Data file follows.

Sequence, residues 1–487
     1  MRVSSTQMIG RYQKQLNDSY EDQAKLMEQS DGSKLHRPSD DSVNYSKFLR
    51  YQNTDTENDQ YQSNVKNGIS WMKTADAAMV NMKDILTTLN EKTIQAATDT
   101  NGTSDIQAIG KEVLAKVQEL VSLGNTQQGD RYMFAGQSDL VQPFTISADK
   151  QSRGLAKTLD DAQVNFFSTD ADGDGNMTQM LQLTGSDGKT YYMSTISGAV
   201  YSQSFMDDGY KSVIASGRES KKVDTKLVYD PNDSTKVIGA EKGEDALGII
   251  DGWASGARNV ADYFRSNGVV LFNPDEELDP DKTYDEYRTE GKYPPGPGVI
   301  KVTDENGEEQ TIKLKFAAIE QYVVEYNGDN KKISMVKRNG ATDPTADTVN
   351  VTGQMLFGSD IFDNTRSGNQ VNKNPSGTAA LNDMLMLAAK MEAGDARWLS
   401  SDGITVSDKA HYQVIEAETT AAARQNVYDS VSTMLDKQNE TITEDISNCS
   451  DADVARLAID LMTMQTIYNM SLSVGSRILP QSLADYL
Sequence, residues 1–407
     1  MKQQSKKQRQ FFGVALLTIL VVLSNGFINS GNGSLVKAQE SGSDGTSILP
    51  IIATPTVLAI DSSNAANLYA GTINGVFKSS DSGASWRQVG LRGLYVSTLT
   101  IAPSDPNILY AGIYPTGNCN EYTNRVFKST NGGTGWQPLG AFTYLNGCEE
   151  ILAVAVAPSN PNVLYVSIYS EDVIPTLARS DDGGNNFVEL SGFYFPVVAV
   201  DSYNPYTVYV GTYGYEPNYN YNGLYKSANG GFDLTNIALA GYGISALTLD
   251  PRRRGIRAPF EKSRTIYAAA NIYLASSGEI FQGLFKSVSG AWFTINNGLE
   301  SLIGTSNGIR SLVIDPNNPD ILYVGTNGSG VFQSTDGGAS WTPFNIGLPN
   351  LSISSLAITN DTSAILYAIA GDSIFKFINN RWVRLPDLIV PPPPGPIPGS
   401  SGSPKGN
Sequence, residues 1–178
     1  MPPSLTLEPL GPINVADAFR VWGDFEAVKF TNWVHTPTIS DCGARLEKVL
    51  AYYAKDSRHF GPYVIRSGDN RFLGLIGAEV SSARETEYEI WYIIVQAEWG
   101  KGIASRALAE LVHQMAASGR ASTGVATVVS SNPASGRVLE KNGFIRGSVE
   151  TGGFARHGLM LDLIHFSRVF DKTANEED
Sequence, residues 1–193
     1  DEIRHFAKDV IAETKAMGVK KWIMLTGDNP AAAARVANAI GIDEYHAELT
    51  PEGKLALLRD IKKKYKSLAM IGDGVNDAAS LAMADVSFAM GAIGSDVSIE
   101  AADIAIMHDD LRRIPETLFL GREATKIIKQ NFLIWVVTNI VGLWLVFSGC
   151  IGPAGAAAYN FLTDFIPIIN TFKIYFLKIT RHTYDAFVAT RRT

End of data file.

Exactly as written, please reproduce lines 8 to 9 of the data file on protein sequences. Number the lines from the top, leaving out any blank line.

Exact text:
   301  KVTDENGEEQ TIKLKFAAIE QYVVEYNGDN KKISMVKRNG ATDPTADTVN
   351  VTGQMLFGSD IFDNTRSGNQ VNKNPSGTAA LNDMLMLAAK MEAGDARWLS